• Simply not receiving an investigation: Forty-one percent of schools hadn't investigated a single sexual assault in the past five years, despite the fact that, according to the Centers for Disease Control and the White House, one in five undergraduate women experience sexual assault during college. Meanwhile, more than 20 percent of the country's largest private schools conducted fewer investigations than the number of sexual assault incidents that they reported to the Department of Education.
  • Having no clue what to do: One in three schools don't train students on what constitutes sexual assault or how to respond to it. Among private, for-profit schools, 72 percent don't provide students with any sexual assault training.
  • Untrained, uncoordinated law enforcement: Though in general colleges work with a number of parties to keep campuses safe—like campus police, security guards, and local law enforcement—30 percent don't actually train the school's law enforcement on how to handle reports of sexual assault, while a staggering 73 percent of institutions don't have protocols on how the school should work with local law enforcement to respond to sexual assault.
  • The athletic department deciding if you were raped: Yes, you read that correctly. Thirty percent of public colleges give the athletic department oversight of sexual violence cases involving athletes.
  • Your peers deciding if you were raped: Experts agree that students shouldn't be part of adjudication boards in sexual assault cases—friends or acquaintances of the survivor or alleged perpetrator face a conflict of interest, and those involved in a sexual assault likely don't want to divulge the details of the assault to, say, someone they recognize from chemistry class. Still, 27 percent of schools reported students participating in the adjudication of sexual assault claims.
  • Untrained faculty, staff, and medical professionals: Often, the first person to whom a student reports sexual assault is a member of the college's faculty or staff. But 20 percent of schools don't provide any sexual assault response training to faculty and staff, and only 15 percent of schools provide access to Sexual Assault Nurse Examiners—nurses who are trained to provide medical and other services to survivors of sexual assault.
  • Knowing that the perpetrator still plays sports and goes to frat parties: Only 51 percent of schools impose athletic team sanctions against student-athletes who have been deemed perpetrators of sexual assault, and 31 percent impose fraternity or sorority sanctions.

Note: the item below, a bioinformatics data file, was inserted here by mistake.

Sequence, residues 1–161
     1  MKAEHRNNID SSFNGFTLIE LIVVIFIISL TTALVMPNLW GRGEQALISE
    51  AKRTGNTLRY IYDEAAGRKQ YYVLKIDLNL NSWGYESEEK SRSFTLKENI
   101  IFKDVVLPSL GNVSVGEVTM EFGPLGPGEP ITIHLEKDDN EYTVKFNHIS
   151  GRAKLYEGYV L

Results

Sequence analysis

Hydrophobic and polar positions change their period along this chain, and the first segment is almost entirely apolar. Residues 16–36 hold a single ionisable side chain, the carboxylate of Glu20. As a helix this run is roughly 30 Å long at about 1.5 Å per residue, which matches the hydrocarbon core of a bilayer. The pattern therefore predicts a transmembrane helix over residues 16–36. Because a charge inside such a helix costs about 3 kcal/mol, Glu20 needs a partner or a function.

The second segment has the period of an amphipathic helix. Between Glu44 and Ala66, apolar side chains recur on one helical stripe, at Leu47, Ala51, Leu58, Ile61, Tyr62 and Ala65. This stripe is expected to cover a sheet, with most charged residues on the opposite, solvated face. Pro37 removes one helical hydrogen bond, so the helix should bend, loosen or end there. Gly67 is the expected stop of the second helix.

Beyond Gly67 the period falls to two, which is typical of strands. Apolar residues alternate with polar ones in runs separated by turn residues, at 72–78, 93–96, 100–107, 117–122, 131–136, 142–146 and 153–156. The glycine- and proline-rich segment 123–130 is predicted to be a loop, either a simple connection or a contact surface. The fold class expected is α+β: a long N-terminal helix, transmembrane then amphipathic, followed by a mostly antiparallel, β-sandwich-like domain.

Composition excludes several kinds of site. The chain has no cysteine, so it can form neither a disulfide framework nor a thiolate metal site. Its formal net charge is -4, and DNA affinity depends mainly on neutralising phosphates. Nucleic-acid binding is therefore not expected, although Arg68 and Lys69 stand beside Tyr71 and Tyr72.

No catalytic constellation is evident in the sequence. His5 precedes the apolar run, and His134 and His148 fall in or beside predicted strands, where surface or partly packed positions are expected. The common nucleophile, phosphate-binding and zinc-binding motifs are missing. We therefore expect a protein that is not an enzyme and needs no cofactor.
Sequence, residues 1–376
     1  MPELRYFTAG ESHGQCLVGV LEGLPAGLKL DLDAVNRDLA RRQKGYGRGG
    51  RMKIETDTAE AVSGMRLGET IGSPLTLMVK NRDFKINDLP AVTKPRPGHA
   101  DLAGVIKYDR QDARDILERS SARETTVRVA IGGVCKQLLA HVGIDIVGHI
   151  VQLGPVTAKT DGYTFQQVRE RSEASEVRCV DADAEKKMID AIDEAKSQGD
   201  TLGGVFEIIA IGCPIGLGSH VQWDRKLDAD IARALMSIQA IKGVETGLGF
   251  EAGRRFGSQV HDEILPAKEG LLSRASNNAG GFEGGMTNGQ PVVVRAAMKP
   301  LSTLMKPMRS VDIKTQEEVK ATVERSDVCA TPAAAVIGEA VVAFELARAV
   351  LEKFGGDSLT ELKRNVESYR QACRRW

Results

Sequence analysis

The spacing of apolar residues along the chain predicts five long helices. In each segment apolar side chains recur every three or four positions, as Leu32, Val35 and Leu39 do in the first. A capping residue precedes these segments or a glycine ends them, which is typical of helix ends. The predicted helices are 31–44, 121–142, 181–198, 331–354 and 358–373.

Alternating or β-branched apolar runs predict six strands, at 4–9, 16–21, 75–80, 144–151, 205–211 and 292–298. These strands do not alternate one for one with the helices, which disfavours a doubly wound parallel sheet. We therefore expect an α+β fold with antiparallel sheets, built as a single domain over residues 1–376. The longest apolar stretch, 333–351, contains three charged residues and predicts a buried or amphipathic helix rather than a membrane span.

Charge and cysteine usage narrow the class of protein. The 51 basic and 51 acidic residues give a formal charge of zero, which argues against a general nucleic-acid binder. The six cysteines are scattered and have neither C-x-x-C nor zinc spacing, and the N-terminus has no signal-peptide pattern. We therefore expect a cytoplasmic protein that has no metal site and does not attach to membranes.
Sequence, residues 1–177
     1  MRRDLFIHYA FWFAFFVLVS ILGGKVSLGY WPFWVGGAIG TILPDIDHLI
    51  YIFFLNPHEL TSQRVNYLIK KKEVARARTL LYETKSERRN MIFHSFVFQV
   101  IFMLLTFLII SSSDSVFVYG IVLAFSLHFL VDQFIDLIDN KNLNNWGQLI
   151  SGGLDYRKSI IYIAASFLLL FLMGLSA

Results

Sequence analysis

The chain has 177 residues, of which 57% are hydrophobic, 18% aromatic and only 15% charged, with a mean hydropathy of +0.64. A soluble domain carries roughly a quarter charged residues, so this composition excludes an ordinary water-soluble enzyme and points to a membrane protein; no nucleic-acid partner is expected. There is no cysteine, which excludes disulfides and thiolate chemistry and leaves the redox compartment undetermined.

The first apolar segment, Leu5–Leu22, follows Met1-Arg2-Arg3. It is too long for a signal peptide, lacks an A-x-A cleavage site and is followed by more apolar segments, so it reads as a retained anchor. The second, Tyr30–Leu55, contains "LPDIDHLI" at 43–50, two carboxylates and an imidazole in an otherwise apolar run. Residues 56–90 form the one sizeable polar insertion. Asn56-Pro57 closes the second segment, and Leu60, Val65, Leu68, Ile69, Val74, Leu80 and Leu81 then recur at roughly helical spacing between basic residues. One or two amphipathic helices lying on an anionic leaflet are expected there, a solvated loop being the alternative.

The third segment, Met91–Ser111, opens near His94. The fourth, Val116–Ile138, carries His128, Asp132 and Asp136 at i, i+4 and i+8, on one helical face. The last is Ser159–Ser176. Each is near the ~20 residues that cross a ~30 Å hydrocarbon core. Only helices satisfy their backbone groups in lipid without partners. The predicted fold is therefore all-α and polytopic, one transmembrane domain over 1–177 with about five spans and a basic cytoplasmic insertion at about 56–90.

• Seeing the perpetrator on campus, even if you don't want to: Nineteen percent of institutions don't impose orders that would require the perpetrator of the assault to avoid contact with the survivor.

McCaskill says that the results of the survey demonstrate failures at "nearly every stage of institutions' response" to sexual assault. Together with Sens. Richard Blumenthal (D-Conn.) and Kirsten Gillibrand (D-N.Y.), she plans to unveil legislation addressing the campus assault later in the summer.

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Republicans Love Obamacare!

| Thu Jul. 10, 2014 12:59 PM EDT

Here's an additional tidbit from that recent Commonwealth Fund survey about Obamacare:

That's a lot of Republicans who are satisfied with their Obamacare coverage. They might not realize it's Obamacare—perhaps they know it as Kynect or Covered California—but they like it. And if you take it away, they're going to be unhappy. That's several million potentially unhappy Republicans if the national GOP continues its anti-Obamacare jihad. Just saying.

Who's Afraid of an Itsy Bitsy Bit of Inflation, Anyway?

| Thu Jul. 10, 2014 12:19 PM EDT

Why are so many people obsessed with "hard money"? Why the endless hysterics about the prospect of inflation getting higher than 2 percent? Paul Krugman, like many others, thinks it's basically a class issue. If you have a lot of debt, inflation is a good thing because it lowers the real value of your debt. But if you're rich and you have lots of assets, the opposite is true. Here's Krugman using data from the Census Bureau's SIPP database:

Only the top end have more financial assets (as opposed to real assets like housing) than they have nominal debt; so they’re much more likely to be hurt by mild inflation and be helped by deflation than the rest.

Now, it’s true that some of these financial assets are stocks, which are claims on real assets. If we only look at interest-bearing assets, even the top group has more liabilities than assets.

But the SIPP top isn’t very high; in 2007 you needed a net worth of more than $8 million just to be in the top 1 percent. And since the ratio of interest-bearing assets to debt is clearly rising with wealth, we can be sure that the truly wealthy are indeed in the category where they have more to lose than to gain by a rise in the price level.